# Plots of the Fermi-Dirac Distribution

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Fermi-Dirac statistics deals with identical and indistinguishable particles with half-integral spins. Electrons, protons, neutrons, and so on are particles (called fermions) that follow Fermi-Dirac statistics. Fermions obey the Pauli exclusion principle, which states that two fermions cannot occupy the same quantum state at the same time. The Fermi-Dirac distribution function gives the probability that a given energy level is occupied by a fermion for a system in thermal equilibrium.

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Contributed by: Kallol Das (St. Aloysius College, Jabalpur, India) (March 2011)

Open content licensed under CC BY-NC-SA

## Snapshots

## Details

The dashed orange lines are plots of the Fermi-Dirac distribution function as a function of energy. At 0.0 °K, the highest occupied energy level is .The blue section shows unoccupied energy levels at elevated temperatures, in the neighborhood of .The red section shows occupied energy levels with energies greater than at high temperatures. For comparison, the Fermi function at 0.001 °K is shown with bold purple lines.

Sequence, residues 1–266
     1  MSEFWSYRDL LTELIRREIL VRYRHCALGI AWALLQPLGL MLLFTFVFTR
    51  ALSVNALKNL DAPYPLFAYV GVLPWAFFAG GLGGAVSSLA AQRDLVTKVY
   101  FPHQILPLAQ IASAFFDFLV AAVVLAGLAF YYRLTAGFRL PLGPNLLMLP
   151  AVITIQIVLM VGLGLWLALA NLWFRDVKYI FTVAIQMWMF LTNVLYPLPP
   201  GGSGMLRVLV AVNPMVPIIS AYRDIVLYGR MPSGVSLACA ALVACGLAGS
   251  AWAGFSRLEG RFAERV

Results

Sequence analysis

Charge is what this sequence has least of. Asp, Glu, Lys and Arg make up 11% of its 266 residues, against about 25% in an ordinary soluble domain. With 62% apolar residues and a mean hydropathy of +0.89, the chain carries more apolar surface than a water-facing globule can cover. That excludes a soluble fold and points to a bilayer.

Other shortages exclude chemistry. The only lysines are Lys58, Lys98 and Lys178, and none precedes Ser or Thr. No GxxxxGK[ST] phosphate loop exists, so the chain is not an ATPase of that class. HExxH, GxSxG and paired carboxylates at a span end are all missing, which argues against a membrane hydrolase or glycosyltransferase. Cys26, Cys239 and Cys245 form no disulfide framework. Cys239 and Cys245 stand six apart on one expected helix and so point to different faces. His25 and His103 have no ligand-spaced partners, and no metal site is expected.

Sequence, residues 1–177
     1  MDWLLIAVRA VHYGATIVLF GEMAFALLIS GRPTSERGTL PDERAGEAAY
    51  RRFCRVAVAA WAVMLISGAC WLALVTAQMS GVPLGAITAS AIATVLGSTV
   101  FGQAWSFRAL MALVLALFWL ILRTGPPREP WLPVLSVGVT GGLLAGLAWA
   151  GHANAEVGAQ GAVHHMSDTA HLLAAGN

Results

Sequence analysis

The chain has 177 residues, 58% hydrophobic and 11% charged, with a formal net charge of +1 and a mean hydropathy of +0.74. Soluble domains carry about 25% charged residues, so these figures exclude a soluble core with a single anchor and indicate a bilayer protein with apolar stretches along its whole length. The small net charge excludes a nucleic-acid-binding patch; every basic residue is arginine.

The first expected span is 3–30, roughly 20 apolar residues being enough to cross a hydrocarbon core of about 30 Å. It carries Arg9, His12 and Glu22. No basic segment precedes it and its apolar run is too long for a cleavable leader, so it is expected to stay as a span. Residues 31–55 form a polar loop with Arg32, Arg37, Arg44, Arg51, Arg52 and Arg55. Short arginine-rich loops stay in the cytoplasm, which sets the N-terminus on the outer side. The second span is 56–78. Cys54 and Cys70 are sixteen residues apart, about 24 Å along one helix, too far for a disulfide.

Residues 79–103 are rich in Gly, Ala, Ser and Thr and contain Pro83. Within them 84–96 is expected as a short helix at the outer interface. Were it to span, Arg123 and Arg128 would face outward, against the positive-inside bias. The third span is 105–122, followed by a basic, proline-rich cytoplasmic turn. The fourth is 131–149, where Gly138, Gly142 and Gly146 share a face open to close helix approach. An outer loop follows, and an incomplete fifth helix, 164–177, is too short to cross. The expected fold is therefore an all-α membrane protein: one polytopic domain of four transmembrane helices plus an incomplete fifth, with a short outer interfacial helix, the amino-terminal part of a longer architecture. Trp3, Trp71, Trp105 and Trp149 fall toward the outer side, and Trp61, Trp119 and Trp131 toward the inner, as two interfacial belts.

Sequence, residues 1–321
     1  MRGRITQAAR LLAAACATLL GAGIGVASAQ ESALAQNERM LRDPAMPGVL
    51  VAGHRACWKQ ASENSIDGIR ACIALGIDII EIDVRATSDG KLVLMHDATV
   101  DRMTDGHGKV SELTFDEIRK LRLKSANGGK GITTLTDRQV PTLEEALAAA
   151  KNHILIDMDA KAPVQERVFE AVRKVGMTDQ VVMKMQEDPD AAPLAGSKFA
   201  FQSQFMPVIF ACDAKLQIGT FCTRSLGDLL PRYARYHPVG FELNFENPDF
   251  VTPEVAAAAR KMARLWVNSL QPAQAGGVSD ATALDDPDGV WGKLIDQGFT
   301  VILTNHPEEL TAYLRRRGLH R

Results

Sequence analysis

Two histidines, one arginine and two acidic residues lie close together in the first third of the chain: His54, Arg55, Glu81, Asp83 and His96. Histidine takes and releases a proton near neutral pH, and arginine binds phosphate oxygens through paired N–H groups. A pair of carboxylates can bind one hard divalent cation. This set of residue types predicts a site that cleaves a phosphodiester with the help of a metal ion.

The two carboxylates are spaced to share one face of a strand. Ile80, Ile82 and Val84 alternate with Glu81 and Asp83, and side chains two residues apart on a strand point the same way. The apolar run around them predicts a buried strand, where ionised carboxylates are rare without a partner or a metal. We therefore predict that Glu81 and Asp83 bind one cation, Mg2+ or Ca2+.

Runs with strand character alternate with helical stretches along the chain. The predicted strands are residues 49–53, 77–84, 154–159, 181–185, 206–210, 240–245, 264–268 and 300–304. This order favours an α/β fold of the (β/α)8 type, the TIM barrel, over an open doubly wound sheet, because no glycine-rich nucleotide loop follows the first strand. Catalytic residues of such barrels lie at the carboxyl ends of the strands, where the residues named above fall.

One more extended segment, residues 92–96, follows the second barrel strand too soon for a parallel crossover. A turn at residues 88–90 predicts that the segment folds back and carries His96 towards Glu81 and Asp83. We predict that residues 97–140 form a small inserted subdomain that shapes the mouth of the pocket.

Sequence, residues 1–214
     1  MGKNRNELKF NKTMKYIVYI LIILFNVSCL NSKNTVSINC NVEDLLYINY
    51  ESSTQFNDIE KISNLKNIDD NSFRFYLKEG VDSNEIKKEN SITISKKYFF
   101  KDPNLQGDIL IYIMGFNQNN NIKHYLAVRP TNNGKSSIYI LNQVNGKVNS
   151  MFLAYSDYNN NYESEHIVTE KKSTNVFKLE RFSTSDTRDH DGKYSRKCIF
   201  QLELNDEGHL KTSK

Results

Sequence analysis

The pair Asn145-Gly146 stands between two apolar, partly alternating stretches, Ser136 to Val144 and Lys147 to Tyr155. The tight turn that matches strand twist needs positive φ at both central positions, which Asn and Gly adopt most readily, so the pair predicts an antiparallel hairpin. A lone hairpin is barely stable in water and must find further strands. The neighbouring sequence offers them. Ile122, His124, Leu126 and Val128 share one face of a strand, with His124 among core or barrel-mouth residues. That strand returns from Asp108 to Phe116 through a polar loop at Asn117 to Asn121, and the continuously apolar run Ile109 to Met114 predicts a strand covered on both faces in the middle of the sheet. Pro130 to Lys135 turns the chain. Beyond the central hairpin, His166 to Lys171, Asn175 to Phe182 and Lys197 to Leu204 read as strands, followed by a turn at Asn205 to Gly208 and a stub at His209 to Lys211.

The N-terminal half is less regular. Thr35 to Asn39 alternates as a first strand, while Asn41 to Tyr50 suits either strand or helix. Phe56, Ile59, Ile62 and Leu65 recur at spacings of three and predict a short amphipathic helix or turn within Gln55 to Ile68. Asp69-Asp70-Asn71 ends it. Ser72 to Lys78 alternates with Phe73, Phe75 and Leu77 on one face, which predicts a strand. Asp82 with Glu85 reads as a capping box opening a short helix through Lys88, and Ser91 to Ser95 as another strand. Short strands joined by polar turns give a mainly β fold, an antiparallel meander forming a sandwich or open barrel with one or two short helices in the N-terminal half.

The Fermi energy of elements is taken from N. W. Ashcroft and N. D. Mermin, *Solid State Physics*, New York: Holt, Rinehart and Winston, 1976.

The Fermi-Dirac distribution function details are taken from C. Kittel, *Introduction to Solid State Physics*, 5th ed., New York: Wiley, 1976.

Additional information on the free electron model can be found on Wikipedia.

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